An article in the current Nature Nantechnology – Continuous base identification for single-molecule nanopore DNA sequencing (abstract, subscription required for full article) marks another important step towards the goal of using nanotechnology for fast and cheap DNA sequencing. The work comes from the group of Hagen Bayley, at Oxford University.
The original idea in this approach to sequencing was to pull a single DNA chain through a pore with an electric field, and detect the different bases one by one by changes in the current through the pore. I wrote about this in 2007 – Towards the $1000 human genome – and in 2005 – Directly reading DNA. Difficulties in executing this appealing scheme directly mean that Bayley is now taking a slightly different approach – rather than threading the DNA through the hole directly, he uses an enzyme to chop a single base of the end of the DNA; as each base goes through the pore the characteristic current change is sensitive enough to identify its chemical identity. The main achievement reported in this paper is in engineering the pore – this is based on a natural membrane protein, alpha-haemolysin, but a chemical group is covalently bonded to the inside of the pore to optimise its discrimination and throughput. What still needs to be done is to mount the enzyme next to the nanopore, to make sure bases are chopped off the DNA strand and read in sequence.
Nonetheless, commercialisation of the technology seems to be moving fast, through a spin-out company, Oxford Nanopore Technologies Ltd. Despite the current difficult economic circumstances, this company managed to raise another £14 million in January.
Despite the attractiveness of this technology, commercial success isn’t guaranteed, simply because the competing, more conventional, technologies are developing so fast. These so-called “second generation” sequencing technologies have already brought the price of a complete human genome sequence down well below $100,000 – this itself is an astounding feat, given that the original Human Genome Project probably cost about $3 billion to produce its complete sequence in 2003. There’s a good overview of these technologies in the October 2008 issue of Nature Biotechnology – Next-generation DNA sequencing (abstract, subscription required for full article). It’s these technologies that underlie the commercial instruments, such as those made by Illumina, that have brought large scale DNA sequencing within the means of many laboratories; a newly started company Complete Genomics – plans to introduce a service this year at $5,000 for a complete human genome. As often is the case with a new technology, competition from incremental improvements of the incumbent technology can be fierce. It’s interesting, though, that Illumina regards the nanopore technology to be significant enough for it to take a a substantial equity stake in Oxford Nanopore.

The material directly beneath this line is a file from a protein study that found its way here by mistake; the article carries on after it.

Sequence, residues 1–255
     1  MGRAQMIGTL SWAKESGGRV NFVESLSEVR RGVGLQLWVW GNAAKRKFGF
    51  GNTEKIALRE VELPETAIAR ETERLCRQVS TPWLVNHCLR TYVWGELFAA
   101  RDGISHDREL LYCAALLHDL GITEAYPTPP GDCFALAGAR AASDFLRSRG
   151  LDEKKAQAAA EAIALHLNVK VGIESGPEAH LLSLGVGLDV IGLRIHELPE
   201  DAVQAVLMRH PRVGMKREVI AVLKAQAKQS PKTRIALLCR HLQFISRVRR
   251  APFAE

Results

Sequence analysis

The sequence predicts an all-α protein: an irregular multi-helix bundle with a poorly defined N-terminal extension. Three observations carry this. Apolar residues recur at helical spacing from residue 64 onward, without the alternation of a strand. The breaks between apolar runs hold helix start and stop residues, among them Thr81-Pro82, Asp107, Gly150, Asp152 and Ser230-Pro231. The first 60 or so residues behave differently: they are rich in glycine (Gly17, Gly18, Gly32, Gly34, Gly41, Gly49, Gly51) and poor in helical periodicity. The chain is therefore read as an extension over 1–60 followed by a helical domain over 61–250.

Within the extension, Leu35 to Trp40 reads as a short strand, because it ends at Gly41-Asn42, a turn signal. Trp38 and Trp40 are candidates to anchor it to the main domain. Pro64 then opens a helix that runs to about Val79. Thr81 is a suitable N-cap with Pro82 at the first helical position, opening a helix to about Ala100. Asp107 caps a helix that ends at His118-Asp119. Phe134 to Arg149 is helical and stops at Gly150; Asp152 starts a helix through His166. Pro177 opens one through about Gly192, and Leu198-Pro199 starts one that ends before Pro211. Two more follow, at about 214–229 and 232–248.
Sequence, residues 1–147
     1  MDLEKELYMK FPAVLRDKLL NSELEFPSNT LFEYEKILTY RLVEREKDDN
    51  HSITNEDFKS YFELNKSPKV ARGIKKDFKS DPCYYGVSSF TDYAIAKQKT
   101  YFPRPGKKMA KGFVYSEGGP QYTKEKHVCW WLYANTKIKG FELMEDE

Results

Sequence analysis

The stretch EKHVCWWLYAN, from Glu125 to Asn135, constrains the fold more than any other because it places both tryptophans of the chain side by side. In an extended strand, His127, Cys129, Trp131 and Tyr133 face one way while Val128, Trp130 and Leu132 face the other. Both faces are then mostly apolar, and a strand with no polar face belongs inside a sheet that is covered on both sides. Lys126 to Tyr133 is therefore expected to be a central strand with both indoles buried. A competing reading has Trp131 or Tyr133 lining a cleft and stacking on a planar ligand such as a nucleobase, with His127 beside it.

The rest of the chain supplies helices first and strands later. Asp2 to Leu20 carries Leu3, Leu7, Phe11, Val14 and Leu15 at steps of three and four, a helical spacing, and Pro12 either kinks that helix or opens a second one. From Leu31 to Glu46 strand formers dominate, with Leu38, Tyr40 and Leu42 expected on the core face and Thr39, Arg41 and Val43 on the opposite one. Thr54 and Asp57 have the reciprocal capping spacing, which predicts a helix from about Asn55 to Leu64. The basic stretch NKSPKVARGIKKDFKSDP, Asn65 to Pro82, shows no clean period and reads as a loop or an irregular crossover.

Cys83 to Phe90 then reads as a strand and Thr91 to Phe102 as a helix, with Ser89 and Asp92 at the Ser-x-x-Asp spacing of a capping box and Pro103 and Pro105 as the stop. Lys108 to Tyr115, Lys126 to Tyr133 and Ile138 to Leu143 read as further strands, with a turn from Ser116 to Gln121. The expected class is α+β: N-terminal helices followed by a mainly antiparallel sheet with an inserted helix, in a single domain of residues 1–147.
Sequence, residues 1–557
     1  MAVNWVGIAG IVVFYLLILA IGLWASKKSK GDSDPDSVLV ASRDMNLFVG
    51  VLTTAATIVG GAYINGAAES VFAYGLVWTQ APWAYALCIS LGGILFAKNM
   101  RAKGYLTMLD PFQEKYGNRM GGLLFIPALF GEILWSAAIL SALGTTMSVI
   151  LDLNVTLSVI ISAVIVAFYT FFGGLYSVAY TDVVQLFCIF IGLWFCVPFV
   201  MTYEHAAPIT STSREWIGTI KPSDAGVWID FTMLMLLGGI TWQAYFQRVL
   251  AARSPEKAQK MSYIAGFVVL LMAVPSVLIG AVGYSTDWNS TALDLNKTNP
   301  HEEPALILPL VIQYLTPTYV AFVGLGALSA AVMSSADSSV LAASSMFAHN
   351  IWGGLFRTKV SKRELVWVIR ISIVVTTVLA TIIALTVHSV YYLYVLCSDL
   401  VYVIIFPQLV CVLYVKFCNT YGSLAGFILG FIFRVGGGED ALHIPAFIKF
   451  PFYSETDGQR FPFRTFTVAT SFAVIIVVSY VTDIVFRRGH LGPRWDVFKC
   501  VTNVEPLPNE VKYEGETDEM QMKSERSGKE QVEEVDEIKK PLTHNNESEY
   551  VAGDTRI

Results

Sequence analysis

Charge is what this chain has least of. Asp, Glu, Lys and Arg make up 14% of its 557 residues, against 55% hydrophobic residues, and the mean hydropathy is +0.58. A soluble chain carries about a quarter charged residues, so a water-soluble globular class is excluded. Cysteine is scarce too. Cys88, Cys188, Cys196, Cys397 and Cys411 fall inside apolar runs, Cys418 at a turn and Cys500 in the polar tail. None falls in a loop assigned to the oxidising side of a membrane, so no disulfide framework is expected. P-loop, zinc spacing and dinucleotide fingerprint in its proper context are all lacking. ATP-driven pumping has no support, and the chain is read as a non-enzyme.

What’s absolutely clear, though, is that the age of large scale, low cost, DNA sequencing is now imminent, and we need to think through the implications of this without delay.